A Connecticut trial court on April 14 refused to dismiss a lawsuit against Remington Arms Co., the manufacturer of the AR-15 rifle that Adam Lanza used to murder 26 people at Sandy Hook Elementary School in December 2012.
The lawsuit, which victims’ families filed against the gun maker as well as the distributor and retail… more »
TAUGHT BY » Timothy D. Lytton, Distinguished University Professor, College of Law Martin Grace, Regents Professor of Risk Management & Insurance, Robinson College of Business Terry Pechacek, Professor of Health Management & Policy, School of Public Health
ATLANTA — Georgia State University College of Law held steady in U.S. News & World Report rankings at 57 in a three-school tie, out of 196 schools, in the annual graduate rankings released March 16. Georgia State Law was at No. 56 last year.
“We are proud of our standing among U.S. law schools… more »
An advocate for children with health care needs in low-income families, Sylvia B. Caley (M.B.A ’86; J.D. ’89), associate clinical professor of law, has left an indelible mark on the community in her quest to eliminate health disparities and promote health equity.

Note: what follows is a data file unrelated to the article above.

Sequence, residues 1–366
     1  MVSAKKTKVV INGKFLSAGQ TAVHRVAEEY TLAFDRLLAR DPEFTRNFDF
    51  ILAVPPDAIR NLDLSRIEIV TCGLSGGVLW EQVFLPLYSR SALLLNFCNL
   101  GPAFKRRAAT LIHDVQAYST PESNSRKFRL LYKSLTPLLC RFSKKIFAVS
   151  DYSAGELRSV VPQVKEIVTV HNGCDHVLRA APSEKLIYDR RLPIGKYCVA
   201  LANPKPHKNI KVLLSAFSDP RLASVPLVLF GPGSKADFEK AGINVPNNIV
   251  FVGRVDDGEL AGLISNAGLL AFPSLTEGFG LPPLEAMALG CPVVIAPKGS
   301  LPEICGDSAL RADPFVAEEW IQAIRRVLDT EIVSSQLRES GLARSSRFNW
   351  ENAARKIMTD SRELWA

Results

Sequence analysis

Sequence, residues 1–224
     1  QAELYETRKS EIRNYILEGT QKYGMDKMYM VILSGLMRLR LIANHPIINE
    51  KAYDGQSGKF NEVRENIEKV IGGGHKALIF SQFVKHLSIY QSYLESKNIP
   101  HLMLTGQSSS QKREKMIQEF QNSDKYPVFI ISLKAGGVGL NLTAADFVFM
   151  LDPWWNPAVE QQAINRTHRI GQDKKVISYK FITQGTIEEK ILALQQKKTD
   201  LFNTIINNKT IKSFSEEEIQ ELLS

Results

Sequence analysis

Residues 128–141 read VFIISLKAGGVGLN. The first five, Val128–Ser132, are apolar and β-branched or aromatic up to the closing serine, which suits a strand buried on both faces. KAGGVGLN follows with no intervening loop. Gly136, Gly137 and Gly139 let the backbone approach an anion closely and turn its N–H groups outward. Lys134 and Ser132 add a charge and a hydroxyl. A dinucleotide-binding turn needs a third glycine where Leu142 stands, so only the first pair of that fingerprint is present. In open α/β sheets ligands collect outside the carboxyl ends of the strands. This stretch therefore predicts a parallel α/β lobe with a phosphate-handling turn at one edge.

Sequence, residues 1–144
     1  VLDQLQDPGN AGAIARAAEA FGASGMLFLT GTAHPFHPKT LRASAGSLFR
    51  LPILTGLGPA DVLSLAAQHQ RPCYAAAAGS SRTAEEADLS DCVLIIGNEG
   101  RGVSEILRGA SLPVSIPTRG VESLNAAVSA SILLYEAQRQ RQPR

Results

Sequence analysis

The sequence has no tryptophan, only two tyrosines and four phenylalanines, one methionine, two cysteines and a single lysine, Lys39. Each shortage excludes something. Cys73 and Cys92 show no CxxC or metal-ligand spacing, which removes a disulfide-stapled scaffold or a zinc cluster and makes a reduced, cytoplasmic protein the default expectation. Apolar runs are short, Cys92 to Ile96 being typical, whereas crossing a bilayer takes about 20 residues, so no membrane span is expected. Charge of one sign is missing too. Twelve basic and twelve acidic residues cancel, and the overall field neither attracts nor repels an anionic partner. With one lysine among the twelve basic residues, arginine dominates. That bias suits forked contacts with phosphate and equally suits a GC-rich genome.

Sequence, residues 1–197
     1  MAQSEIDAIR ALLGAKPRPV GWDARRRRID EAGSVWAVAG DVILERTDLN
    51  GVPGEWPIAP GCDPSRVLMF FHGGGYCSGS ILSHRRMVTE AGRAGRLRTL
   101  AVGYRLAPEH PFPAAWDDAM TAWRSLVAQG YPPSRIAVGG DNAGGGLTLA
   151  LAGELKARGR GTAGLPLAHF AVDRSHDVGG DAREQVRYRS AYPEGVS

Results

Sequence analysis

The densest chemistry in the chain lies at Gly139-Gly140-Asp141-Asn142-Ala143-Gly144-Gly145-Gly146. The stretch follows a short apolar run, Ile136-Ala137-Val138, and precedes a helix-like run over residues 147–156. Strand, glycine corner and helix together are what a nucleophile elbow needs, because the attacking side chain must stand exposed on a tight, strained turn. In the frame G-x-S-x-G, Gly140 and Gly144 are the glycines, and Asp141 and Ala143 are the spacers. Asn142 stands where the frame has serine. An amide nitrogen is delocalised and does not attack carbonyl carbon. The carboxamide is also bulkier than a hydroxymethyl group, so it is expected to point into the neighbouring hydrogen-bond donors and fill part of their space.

The United States is facing a shortage of prescription drugs, ranging from antibiotics to cancer treatments. These shortages are putting the medical profession in the frequent position of deciding who will get the drugs that are in short supply and, more importantly, who will not.
Physicians and hospitals always have had to make rationing decisions… more »
From ruthless mobsters to drug kingpins to serial killers, evil characters are often plucked from real-world events. As human trafficking has garnered more attention, it was inevitable that the issue would hit the big screen. Traffickers, after all, are your quintessential villains. They enslave and exploit human beings for… more »
Every December, Human Rights Day challenges us to confront the most pressing human rights crises. This year, many in government and civil society will be focused on the Syrian refugee crisis and other urgent human rights situations. The seemingly endless stream of human rights emergencies demands immediate action. At some point, however, we also… more »
World AIDS Day, Dec. 1, is a time to reflect on how far the United States and world populations have come since the disease was first identified in 1981, as well as what we still need to do to respond to the epidemic.
Others can talk about the scientific achievements that have helped stem the… more »
Erin C. Fuse Brown, Georgia State University College of Law assistant professor of law, calls attention to the Patient Protection and Affordable Care Act’s (ACA) “blind spot” in her article, “The Blind Spot in the Patient Protection and Affordable Care Act’s Cost-Control Policies.”